The origin of many cyber crimes started in the real world, but the growing
use of technology in the U.S. has created opportunities for the advancement
of old techniques.
With the increased use of technology, bullying has spread from the confines
of a playground and made its way into target’s pockets. Most victims
of cyber bullying are teenagers, and public awareness of the issue has
risen in recent years, partially due to high-profile cases of suicides.
- Invasion of Privacy: Not solely a cyber-related crime, invasion of privacy in regards to cyber
bullying gained a lot of media attention after the 2010 suicide of Rutgers
freshman Tyler Clementi following public viewings of a private encounter
filmed without his knowledge. Invasion of privacy can involve recordings
or public viewings put together without the recorded party’s knowledge
or consent. Other cases involve “leaked” sex tapes or nude
photos that can also be used as blackmail against the targets.
- Cyberstalking: While anyone could be a potential target of cyberstalking, most cases involve
public personalities, current or former romantic partners, and women.
Some of the more recent high-profile cases involve female game developers
following the Gamergate controversy, with online users targeting individuals as a mob.
With the increased accessibility provided by the internet, thieves have
moved on from hitting banks to hitting individuals directly. If you aren’t
careful, one wrong email can lead to a drained bank account or a stolen identity.
- Advance-fee scam: This is one of the most common scams populating email inboxes across the
country, and involves the promise of significant shares of some “inaccessible”
sum of money. In return, all the target needs to do is invest a small
up-front payment. In some cases the scammer will send further requests
for money, citing complications that prevent their access to the funds
they’re hoping to share, or in others they will simply disappear.
- Identity theft: While identity theft isn’t an exclusively online crime, the internet
has increased the risk surrounding it. Scammers will often target sensitive
information like Social Security numbers, Medicare numbers, addresses,
birth certificates, financial account numbers, and passwords. Physical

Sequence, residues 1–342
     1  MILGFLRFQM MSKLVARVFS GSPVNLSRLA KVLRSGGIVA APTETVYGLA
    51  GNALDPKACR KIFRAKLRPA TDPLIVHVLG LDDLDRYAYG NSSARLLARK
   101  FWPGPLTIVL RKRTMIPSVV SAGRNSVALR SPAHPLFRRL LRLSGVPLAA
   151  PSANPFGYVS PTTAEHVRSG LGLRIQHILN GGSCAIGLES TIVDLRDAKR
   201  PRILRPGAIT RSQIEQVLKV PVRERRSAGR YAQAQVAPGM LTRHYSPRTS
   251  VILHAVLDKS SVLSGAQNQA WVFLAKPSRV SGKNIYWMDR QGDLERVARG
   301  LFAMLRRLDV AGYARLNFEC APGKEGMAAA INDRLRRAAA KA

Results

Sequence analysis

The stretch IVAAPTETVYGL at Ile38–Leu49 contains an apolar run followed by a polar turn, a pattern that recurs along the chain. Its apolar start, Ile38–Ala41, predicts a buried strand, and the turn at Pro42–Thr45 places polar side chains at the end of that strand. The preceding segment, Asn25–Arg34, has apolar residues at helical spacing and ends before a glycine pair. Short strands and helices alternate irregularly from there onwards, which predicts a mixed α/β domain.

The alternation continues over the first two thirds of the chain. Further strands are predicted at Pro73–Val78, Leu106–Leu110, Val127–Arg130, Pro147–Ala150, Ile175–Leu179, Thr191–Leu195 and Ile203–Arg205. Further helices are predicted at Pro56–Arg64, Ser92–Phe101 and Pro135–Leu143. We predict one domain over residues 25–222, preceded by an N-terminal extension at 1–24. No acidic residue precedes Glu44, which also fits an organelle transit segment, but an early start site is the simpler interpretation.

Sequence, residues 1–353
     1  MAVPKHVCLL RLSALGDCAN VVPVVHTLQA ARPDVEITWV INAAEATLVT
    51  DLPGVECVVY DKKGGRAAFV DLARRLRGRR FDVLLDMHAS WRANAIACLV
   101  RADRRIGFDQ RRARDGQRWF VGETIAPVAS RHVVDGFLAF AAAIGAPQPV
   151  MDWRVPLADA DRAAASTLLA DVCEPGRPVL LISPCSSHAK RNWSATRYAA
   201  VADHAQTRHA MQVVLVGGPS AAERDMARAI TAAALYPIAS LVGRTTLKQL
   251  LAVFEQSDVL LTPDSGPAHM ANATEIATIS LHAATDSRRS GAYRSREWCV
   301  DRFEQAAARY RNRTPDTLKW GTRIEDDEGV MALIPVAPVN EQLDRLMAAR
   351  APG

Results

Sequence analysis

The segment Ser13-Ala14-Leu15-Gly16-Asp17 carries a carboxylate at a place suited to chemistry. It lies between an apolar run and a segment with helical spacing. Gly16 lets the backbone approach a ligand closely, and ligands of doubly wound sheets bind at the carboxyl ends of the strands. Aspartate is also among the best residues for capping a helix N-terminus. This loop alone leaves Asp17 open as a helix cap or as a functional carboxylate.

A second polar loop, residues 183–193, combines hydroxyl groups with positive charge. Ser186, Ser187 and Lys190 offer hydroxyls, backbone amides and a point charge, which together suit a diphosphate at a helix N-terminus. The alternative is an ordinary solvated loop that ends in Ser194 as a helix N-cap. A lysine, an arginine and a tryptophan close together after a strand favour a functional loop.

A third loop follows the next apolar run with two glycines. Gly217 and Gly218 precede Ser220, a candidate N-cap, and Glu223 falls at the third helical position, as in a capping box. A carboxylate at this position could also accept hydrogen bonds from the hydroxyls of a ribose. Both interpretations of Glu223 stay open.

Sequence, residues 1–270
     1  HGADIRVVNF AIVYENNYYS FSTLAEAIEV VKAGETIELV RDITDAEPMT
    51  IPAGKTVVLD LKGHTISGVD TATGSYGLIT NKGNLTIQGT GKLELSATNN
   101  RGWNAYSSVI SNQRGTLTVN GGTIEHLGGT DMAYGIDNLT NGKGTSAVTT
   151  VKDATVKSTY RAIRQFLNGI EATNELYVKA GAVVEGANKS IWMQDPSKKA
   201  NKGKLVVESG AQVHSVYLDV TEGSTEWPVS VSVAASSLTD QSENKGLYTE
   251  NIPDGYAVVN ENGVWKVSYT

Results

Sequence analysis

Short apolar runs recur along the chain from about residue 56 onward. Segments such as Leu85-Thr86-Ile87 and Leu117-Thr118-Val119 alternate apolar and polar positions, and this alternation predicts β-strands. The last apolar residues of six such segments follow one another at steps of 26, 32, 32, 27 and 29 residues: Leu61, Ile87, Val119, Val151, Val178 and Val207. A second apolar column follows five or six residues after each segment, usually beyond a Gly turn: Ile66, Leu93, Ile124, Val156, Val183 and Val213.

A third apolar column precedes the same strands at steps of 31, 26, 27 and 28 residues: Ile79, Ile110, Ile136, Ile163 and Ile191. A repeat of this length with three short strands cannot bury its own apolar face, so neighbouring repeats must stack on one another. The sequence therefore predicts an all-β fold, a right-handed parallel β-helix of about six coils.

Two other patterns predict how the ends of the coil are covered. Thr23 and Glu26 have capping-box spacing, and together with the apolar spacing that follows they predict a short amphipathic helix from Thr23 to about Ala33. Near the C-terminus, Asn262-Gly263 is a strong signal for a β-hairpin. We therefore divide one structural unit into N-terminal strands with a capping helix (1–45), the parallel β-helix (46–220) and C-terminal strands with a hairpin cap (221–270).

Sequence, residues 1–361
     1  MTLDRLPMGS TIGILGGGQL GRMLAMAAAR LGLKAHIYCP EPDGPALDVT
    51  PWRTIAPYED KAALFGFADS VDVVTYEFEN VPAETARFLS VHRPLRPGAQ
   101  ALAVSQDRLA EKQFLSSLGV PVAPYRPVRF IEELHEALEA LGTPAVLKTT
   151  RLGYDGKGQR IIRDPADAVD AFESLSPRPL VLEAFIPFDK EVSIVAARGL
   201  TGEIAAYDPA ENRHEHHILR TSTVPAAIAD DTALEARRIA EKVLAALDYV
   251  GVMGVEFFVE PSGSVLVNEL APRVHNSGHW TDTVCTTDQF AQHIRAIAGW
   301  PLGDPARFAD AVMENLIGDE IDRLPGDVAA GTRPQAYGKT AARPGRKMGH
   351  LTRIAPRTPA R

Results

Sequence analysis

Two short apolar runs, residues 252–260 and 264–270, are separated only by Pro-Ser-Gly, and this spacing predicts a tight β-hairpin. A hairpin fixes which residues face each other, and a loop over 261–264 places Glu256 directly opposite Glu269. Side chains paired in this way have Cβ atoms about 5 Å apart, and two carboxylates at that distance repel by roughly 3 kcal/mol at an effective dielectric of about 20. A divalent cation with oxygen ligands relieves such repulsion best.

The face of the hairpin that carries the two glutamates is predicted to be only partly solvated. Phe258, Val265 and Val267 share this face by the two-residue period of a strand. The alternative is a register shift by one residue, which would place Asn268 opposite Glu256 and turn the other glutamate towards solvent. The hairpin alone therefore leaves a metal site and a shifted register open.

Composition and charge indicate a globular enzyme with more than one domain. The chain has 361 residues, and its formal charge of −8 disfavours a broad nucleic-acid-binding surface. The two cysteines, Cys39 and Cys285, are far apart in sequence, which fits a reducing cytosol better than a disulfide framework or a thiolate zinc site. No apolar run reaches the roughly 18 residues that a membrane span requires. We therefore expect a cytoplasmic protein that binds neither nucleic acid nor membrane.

documents are often the targets of real-world theft, but cyber attempts
to steal information through emails asking for sensitive information.
Most websites have disclaimers stating they will never ask for that kind
of information outside of specific pages on their websites.
- “Account suspension”: Often used to target sites like PayPal, the scammer will send an official-sounding
email claiming that your account is at risk of being suspended or terminated
unless you enter your username and password in an unofficial webpage.
Most websites, including PayPal, have pages dedicated to dealing with
potential scammers and prominently display disclaimers stating that they
will never ask for sensitive information like passwords, bank accounts,
or credit cards
Cyber Sex Crimes
While there are cases of legal adults being the target of cyber sex crimes,
most cases involve adults targeting minors. While a large portion of these
crimes are deliberate, there are cases of underage individuals sending
explicit photos to each other that are later either discovered by a parent
or distributed throughout a school. In these cases, even if the party
with the explicit photos is also underage, they may be in trouble with
the law for possession of child pornography.
- Child pornography: Given the illegal nature and social taboos surrounding child pornography,
and the anonymity the internet can provide, the majority of activity in
this area occurs online. A major issue for law enforcement attempting
to crack down on sites that distribute child pornography is international
law. Because servers can be hosted in countries across the globe and different
countries have different laws regarding child pornography, it may be impossible
to completely shut down offending sites.
- Sexual solicitations: Underage solicitations are a big enough issue to warrant a reality TV show
based around tricking and detaining predators. Unlike the cases featured
in ‘To Catch A Predator,’ not all cases of sexual solicitation include real-world meetups.
Some occur entirely online, often in chat rooms.
If you have been arrested or charged with committing a cyber crime in Ohio,
contact Koffel Brininger Nesbitt today for a confidential case evaluation.
Our offices are located in Columbus, OH, but we represent clients statewide,
and are regarded as one of the leading criminal law firms in Ohio. Don’t
wait to get the representation you need to defend yourself in court.